Similarly, Pankl Racing Systems, a large Austrian metal AM service provider with a very strong focus on motorsports, is taking its know-how into aerospace with the more recently established Pankl Aerospace Systems division. Or, like in the case of Eaton, the company is using AM experience in manifolds and other complex parts from the energy segment to target aerospace applications. The company revealed it was able to have two AM parts flying on a trainer aircraft less than two years after it began developing them. The parts were consolidated from a total of 22 parts, reducing assembly time, and weight and eliminating potential leaks.
For the largest aerospace OEMs, this is also reflected in some of the most ambitious and futuristic programs, such as Airbus’ Wing of Tomorrow and the Boeing ecoDemonstrator.
Airbus Wing of Tomorrow
More additive manufacturing innovation happens at the hardware level and can have some important consequences for aerospace. Companies like Italy’s Caracol and US-based MELD Manufacturing are developing gigantic AM systems for composites (Caracol) and metal (MELD) using innovative approaches.
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While it remains a very small revenue segment in the overall aerospace industry, additive manufacturing is growing and even more importantly, it’s bringing profits to an industry that needs them. The recent drop in commercial air traffic and the growing expenses due to the ongoing transition towards sustainable flying both require significant resources. Even if AM also require a high initial investment and entire paradigm shifts in production workflows, once an application and its workflow have been validated as safe and profitable, scaling them for the relatively low batch production demanded by aerospace applications can be a matter of increasing machine count. Digital manufacturing works this way, even more so when it’s additive.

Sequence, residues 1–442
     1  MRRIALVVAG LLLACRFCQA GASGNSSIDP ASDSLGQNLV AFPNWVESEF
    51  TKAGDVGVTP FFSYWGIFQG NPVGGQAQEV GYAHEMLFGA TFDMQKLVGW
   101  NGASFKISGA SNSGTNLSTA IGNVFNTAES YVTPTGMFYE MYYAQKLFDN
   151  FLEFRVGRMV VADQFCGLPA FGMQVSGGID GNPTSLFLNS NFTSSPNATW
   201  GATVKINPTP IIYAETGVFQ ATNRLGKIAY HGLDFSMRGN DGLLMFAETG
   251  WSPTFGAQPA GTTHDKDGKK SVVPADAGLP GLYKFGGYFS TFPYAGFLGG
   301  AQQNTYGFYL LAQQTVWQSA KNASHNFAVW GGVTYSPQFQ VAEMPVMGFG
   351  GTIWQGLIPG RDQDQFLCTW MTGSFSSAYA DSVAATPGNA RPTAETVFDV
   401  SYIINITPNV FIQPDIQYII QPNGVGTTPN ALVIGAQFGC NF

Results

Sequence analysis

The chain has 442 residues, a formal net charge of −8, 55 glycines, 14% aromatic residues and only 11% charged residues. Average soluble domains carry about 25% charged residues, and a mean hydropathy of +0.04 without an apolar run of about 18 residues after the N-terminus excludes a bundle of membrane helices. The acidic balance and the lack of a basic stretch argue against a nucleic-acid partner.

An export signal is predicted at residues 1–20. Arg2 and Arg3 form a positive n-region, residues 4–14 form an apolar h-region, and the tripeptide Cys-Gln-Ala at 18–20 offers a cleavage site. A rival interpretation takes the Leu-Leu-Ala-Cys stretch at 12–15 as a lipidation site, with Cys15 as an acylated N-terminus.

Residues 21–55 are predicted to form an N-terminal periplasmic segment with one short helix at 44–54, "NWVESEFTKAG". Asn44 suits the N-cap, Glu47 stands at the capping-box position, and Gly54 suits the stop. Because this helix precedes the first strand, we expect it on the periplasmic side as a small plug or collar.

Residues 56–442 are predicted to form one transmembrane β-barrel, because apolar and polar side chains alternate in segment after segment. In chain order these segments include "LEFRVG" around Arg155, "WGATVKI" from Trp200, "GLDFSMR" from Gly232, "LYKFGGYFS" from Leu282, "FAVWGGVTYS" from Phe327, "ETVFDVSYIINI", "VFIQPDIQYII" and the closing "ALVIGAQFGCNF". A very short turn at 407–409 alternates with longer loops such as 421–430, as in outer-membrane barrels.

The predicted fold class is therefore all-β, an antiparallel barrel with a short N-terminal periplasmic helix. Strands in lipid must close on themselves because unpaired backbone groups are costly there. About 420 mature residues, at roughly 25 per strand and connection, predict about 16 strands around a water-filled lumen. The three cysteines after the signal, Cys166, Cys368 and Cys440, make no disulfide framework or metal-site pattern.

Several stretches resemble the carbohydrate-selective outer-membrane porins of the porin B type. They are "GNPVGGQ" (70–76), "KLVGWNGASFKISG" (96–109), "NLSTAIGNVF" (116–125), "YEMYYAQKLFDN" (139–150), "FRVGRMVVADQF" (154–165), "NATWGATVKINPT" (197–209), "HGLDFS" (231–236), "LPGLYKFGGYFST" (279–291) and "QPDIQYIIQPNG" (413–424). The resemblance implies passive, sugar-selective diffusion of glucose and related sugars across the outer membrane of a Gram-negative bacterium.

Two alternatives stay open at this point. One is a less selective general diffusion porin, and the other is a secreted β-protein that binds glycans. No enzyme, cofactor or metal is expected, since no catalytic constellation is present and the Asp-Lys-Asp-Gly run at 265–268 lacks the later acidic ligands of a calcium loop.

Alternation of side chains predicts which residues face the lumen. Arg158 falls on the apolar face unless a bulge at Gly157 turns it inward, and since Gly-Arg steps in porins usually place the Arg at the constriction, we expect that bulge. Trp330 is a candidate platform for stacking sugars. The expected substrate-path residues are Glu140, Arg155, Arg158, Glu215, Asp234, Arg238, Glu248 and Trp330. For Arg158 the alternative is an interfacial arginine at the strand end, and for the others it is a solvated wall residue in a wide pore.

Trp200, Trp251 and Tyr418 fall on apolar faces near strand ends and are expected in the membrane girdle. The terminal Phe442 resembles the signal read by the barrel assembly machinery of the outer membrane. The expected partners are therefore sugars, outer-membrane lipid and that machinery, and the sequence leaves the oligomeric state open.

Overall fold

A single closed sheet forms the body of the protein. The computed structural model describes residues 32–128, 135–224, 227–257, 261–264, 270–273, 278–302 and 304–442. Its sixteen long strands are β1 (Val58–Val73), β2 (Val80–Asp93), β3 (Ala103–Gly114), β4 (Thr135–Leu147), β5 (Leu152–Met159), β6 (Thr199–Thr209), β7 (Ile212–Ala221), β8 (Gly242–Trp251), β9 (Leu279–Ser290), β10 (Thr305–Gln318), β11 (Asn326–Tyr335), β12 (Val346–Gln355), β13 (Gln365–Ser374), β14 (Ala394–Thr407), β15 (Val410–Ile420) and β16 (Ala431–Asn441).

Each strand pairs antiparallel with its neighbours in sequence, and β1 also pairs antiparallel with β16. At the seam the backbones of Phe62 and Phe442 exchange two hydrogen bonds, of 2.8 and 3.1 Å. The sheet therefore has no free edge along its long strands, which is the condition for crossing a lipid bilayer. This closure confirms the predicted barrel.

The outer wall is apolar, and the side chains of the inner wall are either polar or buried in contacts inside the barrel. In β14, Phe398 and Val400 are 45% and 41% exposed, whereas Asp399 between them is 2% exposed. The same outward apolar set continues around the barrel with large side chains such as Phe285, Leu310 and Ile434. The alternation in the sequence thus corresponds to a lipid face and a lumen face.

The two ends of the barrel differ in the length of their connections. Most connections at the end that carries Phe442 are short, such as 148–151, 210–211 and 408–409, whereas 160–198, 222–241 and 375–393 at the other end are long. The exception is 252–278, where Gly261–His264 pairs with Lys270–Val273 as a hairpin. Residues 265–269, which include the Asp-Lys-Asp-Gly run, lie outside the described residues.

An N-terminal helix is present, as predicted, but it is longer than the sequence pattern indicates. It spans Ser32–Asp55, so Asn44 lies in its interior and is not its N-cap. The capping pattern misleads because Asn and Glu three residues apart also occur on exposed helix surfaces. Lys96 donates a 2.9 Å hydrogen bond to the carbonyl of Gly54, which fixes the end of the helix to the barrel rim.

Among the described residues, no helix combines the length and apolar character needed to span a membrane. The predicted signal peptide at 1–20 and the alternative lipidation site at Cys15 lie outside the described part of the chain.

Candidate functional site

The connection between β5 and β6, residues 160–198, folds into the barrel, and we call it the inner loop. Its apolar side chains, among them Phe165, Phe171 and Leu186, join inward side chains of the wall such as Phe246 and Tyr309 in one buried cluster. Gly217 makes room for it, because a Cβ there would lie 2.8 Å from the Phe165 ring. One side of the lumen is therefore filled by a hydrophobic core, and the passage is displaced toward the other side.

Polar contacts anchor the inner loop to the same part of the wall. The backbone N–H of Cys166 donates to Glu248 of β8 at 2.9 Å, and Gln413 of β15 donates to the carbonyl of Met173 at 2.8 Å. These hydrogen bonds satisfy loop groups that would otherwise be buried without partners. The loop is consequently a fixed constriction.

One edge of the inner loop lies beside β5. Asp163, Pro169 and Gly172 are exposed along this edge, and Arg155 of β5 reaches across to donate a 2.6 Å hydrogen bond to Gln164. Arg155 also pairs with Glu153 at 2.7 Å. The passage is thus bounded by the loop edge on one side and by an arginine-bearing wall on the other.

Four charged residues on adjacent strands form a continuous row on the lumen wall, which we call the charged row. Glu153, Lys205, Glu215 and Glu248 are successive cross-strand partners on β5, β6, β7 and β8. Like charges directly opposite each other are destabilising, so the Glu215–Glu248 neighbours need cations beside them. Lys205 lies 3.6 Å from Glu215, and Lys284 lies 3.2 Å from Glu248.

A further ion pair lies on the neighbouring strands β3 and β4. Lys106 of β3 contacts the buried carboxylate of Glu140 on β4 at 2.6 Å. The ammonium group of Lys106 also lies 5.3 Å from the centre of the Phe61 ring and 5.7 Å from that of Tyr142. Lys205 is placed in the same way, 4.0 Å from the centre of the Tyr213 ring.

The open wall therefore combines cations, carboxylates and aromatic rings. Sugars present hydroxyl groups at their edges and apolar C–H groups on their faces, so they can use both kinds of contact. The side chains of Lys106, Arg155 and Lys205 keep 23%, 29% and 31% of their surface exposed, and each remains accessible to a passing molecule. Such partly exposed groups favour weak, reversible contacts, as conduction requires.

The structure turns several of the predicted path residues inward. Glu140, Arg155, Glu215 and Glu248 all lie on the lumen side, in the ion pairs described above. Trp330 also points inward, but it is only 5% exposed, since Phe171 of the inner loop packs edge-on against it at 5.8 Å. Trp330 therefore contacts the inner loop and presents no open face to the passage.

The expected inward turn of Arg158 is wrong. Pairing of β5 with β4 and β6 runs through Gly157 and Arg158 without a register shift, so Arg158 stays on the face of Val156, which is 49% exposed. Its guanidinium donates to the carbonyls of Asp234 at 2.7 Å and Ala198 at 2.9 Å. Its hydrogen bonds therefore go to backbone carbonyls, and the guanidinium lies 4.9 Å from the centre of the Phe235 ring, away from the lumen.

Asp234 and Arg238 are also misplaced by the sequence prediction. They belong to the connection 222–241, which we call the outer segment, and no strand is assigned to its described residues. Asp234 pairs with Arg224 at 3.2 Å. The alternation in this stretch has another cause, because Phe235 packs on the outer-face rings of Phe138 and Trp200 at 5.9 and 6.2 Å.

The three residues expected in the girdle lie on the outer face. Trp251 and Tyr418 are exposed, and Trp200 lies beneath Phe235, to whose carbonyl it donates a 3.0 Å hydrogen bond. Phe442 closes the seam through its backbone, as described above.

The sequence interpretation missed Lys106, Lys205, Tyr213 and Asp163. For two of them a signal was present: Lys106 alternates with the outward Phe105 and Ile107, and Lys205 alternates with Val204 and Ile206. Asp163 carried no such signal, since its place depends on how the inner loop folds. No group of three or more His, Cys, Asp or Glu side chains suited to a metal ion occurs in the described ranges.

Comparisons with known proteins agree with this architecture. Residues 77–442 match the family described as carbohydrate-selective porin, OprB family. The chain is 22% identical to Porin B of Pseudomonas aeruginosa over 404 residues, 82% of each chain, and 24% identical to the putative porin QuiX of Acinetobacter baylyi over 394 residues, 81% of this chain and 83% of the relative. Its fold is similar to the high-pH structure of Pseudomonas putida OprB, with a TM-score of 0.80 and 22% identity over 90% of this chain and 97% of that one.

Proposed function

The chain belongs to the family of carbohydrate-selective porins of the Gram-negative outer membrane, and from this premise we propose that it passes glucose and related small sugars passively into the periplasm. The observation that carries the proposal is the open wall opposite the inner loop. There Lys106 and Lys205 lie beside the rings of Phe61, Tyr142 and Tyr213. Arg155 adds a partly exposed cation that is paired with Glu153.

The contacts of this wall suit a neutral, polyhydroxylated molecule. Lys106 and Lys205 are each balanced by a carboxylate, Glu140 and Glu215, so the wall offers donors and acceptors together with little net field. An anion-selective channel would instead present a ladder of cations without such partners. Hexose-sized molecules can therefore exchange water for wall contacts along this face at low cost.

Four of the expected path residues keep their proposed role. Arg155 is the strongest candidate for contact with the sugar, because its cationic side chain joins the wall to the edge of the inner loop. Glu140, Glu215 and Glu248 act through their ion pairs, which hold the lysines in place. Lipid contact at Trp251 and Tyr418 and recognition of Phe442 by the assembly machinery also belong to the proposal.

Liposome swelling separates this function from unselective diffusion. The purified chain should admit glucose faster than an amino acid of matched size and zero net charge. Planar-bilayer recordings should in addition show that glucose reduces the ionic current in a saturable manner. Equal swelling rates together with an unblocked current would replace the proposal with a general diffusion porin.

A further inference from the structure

“A major transition is now underway,” Mr. Ribet, Executive Vice President. Europe, Middle East, Africa, Russia, of Dassault Systèmes, confirmed during our exclusive interview at FIA2022, “Our 3DEXPERIENCE suite is here to enable these major shifts in the way aircraft and many of their parts are built and run.”
Sabine Klauke, Airbus Chief Technical Officer, said: “Wing of Tomorrow brings a completely different build philosophy to the way we currently assemble wings and is a crucial part of our R&T portfolio that will help us assess the industrial feasibility of wing production in the future.” Ms. Klauke highlighted how AM is just one of many technologies implemented, with particular benefits in tool and jig manufacturing during the production process. Answering a question brought by 3dpbm, Sue Partridge, Head of Airbus Filton Site and Head of Wing of Tomorrow Programme at Airbus, also confirmed that, while the size of the parts and materials required generally exclude the use of currently available AM technologies, some final wing parts have been integrated into at least one of the demonstrators. These are exactly the types of applications that the Wing of Tomorrow program looks to explore.
“A major trend that we see is that a lot of companies who were previously exploring additive as a way of being more productive, more efficient and more profitable are now driven by a large sustainability agenda, where they need to prove that the way they produce is greener than before. So it is becoming more and more difficult for a company to take a piece of metal and mill it down saying they re-use all the scrap metal. Now the governments of China, Japan, Korea, Germany, Spain and many other countries are starting to inspect the way it’s done, and the regulation is going to change. This means that additive is no longer just a way to produce a little bit faster or more cost-effectively but that it is going to become a requirement. They are going to be forced to change the process and the methods. At Dassault Systemes, with the 3DEXPERIENCE platform, we look at this transition from a scientific standpoint, through material science, modeling, and physics simulations, but also at a process level to make sure that there is this connection between what you build and how you build it.”